RealNews

Peace Brings Unita Only Humiliation

Officially, they are not losers. They are not a defeated, ragtag bunch of malnourished guerrillas with no homes, no jobs and no future. The Unita rebels are “partners for peace” who will help build a new, democratic Angola from the ashes of war. So goes the rhetoric of the triumphant government, the international community, and Unita itself. Exactly one year after bullets ended the life and violent times of Unita’s leader, Jonas Savimbi, his movement is said to be reborn as a political party. It is a fiction. One look at Matungo, a settlement camp for 27,000 former rebels and dependants deep in the wilderness of Cuando Cubango province, shows the reality: an abandoned, unloved force on the wrong side of a 27-year civil war. Once, Unita was feted by apartheid South Africa and Ronald Reagan’s White House as a bulwark against the Marxist, Cuban-backed government, a mighty fighting force which scented victory – but today its footsoldiers are unsure of their next meal. The stakes are humanitarian and political. Aid agencies warn that starvation, disease and retribution threaten an estimated 400,000 Unita rebels and their families. Diplomats warn that democracy and stability will elude Angola unless the rebels are integrated. Full Story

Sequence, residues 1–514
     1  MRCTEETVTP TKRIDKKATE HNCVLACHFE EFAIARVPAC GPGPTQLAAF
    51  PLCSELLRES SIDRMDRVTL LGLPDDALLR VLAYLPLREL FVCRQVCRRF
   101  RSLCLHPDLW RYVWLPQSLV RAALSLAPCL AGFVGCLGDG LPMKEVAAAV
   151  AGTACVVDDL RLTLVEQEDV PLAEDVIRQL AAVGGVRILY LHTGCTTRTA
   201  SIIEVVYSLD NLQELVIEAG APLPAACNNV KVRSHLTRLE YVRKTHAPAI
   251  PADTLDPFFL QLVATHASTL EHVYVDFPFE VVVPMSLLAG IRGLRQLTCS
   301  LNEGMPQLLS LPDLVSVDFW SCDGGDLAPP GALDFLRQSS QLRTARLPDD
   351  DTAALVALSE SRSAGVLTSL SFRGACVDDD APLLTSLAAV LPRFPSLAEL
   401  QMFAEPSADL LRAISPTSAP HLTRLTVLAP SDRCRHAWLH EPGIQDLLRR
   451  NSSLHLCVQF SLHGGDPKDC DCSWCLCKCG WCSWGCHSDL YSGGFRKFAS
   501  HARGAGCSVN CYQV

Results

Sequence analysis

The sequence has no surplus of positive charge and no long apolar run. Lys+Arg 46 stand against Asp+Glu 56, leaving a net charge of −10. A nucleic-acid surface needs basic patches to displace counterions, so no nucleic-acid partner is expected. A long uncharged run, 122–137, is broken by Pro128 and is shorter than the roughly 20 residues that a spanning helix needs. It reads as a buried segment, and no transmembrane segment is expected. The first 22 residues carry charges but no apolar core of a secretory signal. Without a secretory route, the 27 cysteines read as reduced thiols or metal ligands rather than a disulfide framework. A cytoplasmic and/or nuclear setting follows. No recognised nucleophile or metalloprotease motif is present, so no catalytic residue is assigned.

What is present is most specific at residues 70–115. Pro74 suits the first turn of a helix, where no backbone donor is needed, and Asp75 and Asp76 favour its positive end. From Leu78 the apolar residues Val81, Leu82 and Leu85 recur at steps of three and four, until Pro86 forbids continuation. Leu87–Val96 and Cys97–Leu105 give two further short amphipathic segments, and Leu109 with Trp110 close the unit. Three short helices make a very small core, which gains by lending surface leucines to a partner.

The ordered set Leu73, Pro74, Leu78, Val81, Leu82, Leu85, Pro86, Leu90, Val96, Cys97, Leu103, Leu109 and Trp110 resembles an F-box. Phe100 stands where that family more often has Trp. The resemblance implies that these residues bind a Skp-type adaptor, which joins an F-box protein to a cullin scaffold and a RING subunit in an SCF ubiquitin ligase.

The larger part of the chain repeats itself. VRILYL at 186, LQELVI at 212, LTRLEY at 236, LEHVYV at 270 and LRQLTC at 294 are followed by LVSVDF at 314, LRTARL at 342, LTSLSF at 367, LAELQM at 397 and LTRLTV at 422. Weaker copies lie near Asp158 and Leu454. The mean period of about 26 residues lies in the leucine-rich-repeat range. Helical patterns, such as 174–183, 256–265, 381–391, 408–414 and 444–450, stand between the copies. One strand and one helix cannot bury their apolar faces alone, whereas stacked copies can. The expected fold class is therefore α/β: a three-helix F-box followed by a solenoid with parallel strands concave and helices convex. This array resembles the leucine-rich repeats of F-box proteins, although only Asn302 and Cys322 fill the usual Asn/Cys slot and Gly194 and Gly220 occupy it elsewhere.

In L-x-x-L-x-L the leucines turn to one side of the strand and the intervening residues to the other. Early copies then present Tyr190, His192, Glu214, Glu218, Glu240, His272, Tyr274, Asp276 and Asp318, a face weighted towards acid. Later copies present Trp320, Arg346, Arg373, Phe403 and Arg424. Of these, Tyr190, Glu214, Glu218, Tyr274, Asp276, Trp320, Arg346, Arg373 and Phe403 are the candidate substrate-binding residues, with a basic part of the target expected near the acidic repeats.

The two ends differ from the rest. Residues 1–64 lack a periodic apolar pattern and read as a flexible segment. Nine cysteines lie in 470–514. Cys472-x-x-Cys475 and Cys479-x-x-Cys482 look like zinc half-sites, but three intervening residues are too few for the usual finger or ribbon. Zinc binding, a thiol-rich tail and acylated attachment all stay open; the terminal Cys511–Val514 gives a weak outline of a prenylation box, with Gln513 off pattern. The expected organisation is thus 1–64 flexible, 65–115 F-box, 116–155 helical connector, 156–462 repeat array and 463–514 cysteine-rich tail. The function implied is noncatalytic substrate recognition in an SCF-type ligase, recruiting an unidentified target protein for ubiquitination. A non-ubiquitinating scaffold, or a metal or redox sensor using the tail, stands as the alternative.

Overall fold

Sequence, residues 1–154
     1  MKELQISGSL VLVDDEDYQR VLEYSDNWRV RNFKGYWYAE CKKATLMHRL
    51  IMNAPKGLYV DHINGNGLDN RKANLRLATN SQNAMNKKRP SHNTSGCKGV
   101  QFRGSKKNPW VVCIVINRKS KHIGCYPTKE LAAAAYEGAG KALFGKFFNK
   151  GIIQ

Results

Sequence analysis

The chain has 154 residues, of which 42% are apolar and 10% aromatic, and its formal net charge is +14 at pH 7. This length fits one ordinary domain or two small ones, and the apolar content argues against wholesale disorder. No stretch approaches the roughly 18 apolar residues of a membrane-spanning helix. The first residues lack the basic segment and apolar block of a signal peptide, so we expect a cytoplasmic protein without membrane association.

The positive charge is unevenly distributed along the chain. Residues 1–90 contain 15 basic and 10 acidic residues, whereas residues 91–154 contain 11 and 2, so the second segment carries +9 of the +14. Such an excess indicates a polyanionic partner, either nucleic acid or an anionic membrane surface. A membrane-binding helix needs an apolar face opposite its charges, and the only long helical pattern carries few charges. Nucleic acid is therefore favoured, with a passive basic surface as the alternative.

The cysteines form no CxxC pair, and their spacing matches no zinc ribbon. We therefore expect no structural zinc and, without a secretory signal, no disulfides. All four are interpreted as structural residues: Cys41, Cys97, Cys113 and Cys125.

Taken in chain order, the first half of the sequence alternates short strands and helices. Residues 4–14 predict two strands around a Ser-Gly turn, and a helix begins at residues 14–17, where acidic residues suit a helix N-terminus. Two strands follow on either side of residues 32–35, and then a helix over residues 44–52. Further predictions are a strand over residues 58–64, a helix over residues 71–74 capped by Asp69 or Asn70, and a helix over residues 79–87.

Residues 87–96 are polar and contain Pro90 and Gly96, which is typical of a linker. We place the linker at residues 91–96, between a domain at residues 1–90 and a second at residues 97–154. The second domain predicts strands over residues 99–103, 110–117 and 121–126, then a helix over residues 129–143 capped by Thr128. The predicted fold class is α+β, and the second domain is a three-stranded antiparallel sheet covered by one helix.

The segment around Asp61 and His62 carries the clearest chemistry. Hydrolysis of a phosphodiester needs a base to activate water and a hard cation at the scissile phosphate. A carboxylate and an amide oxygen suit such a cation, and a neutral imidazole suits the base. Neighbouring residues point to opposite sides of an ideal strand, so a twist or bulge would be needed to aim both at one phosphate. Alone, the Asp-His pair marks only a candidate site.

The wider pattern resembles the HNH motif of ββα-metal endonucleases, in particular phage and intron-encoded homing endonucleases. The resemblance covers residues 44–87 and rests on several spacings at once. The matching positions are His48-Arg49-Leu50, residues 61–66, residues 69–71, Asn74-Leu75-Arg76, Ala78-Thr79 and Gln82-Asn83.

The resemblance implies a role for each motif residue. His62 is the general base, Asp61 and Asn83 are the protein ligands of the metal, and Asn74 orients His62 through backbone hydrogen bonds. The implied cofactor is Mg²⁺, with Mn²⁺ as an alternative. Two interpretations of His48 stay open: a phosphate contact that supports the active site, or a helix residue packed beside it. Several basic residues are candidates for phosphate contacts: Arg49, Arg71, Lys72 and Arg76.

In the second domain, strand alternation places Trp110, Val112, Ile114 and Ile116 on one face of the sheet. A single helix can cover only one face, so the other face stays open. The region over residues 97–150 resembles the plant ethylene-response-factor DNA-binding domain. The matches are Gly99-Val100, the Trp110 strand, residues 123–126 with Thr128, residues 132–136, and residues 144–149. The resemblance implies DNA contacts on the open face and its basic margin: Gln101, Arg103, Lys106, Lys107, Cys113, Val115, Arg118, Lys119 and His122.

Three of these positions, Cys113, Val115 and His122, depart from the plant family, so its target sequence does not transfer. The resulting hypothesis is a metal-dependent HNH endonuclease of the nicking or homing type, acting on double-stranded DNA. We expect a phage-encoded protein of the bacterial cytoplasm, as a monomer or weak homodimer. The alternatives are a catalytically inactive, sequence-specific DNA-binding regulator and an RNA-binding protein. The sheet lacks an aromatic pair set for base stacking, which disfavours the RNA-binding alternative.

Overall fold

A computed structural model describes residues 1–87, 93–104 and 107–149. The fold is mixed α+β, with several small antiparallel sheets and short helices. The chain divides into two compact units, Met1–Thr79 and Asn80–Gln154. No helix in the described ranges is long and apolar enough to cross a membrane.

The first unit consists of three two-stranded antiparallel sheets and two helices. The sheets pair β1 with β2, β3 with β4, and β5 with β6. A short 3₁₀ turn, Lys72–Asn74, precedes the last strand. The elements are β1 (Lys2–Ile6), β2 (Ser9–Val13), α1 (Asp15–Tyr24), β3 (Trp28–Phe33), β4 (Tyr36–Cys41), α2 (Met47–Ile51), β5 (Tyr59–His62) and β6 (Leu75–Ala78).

OODA Analyst

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